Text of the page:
Judge rejects Moussaoui's 'I am guilty' plea
Terror suspect says he is member of al Qaeda
ALEXANDRIA, Virginia (CNN) -- A federal judge rejected attempts Thursday by Zacarias Moussaoui, indicted in connection with September 11 attacks, to plead guilty to federal conspiracy charges during a court hearing.
"I am guilty," Moussaoui said at a federal court hearing. He added that he is a member of al Qaeda and had sworn a loyalty oath to Osama bin Laden, its leader.
U.S. District Judge Leonie Brinkema told Moussaoui she would not allow him to plead guilty Thursday, and urged him instead to think about the ramifications of his decision and consider entering plea negotiations with the government.
She then cut him off, abruptly recessing court for a week.
The 34-year-old Moussaoui is the only individual charged in connection with the September 11 attacks. The original indictment in December accused him of plotting with the 19 hijackers and mimicking their conduct, including enrollment in flight schools.
Moussaoui was in court to be re-arraigned on the government's second superseding indictment, which was filed Tuesday with adjustments to make him eligible for the death penalty.
In the courtroom, Moussaoui admitted to being part of an ongoing conspiracy since 1995, but he did not specify what kind of conspiracy or what his role in the conspiracy may have been.
Moussaoui, a French citizen of Moroccan descent, told the judge, "I want to enter a plea today of guilty, because this will ensure to save my life." He said that he had "certain knowledge about September 11." He also said, "I know exactly who done it, I know which group, who participated, and I know when it was decided."
He added, "I am a member of al Qaeda. I pledge bayat to Osama bin Laden." Bayat is the loyalty oath taken by members of al Qaeda.
He told the judge, "I have many, many information to give to the America[n] people about an existing conspiracy."
But Brinkema would not allow him to continue. "This is not the forum to do that," she said. She suggested it might be in his best interest to enter into plea bargain negotiations with the government.
At that point, Moussaoui -- wearing a green prison-issue jumpsuit -- jumped to his feet.
"You have preventing me from entering the plea I wanted," he said, waving finger back and forth as if to say, "No, no."
"For the guilt phase, I'm guilty," Moussaoui said, his voice rising. "But for the death penalty [phase], we will see." He said a jury "will be able to evaluate how much responsibility I have in this."
Brinkema told him that he cannot plead guilty to bits and pieces of the indictment; that if he pleads guilty, he must do so to all of the charges.
"You cannot plead guilty and then say, 'But I didn't do this and I didn't do that and somebody else did that,'" she said.
After Brinkema urged him to take the week to consider whether he really wants to plead guilty, Moussaoui told her, "Bet on me. I will."
As she has on two previous occasions, Brinkema entered a not-guilty plea for Moussaoui, and the court then moved on to other pre-trial issues, such as the handing over of evidence.
Standby defense attorney Frank Dunham told CNN he didn't think Moussaoui was agreeing to plead guilty to the charges he faces.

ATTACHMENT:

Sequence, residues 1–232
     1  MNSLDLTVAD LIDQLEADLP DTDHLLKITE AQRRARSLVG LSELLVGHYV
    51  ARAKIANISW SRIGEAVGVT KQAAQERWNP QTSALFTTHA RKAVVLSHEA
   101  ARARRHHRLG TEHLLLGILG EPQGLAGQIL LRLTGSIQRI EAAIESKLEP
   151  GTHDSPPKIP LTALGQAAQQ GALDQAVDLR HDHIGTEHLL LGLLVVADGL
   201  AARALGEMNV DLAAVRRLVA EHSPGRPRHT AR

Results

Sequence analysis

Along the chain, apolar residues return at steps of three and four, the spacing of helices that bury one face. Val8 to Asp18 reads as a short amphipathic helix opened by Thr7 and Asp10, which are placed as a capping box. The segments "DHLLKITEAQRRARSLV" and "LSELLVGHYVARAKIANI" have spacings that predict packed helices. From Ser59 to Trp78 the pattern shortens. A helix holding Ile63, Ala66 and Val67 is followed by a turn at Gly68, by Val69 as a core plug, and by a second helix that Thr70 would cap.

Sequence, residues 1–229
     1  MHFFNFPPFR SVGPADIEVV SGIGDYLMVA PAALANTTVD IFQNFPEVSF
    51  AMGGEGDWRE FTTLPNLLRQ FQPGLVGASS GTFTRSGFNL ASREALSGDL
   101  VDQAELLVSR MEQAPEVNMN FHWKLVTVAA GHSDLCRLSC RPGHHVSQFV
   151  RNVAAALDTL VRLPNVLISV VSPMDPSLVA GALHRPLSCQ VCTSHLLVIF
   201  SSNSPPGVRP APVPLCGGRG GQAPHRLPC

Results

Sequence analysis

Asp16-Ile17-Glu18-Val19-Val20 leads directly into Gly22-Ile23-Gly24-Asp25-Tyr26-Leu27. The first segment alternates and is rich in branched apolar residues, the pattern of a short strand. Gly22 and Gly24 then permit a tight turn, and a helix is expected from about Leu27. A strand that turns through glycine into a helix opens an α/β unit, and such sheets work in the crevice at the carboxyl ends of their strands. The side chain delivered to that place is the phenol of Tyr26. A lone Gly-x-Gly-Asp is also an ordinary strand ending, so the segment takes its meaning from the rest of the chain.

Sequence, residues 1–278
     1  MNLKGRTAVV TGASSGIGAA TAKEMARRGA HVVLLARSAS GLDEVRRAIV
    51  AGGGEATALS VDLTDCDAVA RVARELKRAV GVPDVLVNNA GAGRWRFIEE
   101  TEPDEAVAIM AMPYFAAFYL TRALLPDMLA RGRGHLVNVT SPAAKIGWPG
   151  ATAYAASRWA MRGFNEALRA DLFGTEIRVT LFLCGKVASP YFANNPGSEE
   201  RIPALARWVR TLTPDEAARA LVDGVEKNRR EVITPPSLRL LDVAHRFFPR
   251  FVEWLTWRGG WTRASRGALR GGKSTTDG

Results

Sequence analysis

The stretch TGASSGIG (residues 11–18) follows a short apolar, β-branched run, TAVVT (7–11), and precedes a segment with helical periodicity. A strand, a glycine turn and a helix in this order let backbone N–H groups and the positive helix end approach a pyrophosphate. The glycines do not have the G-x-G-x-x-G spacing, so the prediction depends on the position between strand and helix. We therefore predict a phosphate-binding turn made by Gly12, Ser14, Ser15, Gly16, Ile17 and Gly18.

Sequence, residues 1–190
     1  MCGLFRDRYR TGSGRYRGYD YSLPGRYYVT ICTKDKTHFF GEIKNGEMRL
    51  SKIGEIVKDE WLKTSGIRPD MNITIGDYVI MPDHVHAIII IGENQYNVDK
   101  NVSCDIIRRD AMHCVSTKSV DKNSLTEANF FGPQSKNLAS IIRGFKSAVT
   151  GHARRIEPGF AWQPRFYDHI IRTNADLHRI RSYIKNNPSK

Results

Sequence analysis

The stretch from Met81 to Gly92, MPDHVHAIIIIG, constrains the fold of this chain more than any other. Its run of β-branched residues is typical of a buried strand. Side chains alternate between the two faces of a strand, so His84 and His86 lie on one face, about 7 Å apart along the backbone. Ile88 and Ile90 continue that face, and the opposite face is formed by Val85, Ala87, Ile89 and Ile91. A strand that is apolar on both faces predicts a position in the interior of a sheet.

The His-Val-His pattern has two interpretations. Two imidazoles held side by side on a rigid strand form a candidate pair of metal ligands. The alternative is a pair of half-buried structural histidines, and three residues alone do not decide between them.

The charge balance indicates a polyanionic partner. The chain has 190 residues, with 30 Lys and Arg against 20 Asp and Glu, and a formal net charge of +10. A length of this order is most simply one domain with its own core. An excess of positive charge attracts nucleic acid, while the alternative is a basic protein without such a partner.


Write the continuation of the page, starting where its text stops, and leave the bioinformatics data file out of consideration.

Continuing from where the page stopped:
"If someone went over the indictment with him line by line I don't believe he'd agree to all of the charges," said Dunham, who was not in the courtroom Thursday. "What he's admitting to is not consistent with what he's charged with."
Thursday's hearing, which lasted 40 minutes, was the last scheduled pre-trial hearing to review motions.
Moussaoui has filed 94 hand-written motions since he declared his desire to represent himself in April.
Brinkema told him to stop doing so. "To continue filing the same motion will get you nowhere and may very well be construed by the court as evidence of your inability to properly represent yourself."
Moussaoui had repeatedly requested the counsel of a Muslim attorney, who had not registered with the court as required and so has not been allowed to represent him.
Instead, the court has appointed five attorneys, all of whom Moussaoui has rejected -- opting instead to represent himself, though he is not a lawyer.
Four of the five lawyers were in the courtroom Thursday, serving as standby defense counsel.
Brinkema told Moussaoui that if he wants to hammer out a plea deal he would need to allow his standby counsel to arrange such a negotiation.
If he were convicted by a jury, the same jury would then consider evidence on whether Moussaoui's sentence should be death or life imprisonment.
If Moussaoui were to be convicted on any one of four death penalty-eligible charges of the total six conspiracy counts he faces, he would be eligible for a death sentence.
The four counts that carry a potential death penalty are conspiracy to commit acts of terrorism transcending national boundaries, conspiracy to commit aircraft piracy, conspiracy to destroy aircraft and conspiracy to use weapons of mass destruction.
Assistant U.S. Attorney Robert Spencer told the judge the government would accept a plea of guilty from Moussaoui next week, if he were to offer it again.
Investigators believe Moussaoui, a French national of Moroccan descent, was to have been the "20th hijacker" in the September 11 attacks. He was being held on immigration violations at the time of the attacks.
-- CNN producers Phil Hirschkorn and Carol Cratty and Correspondent Deborah Feyerick contributed to this report.
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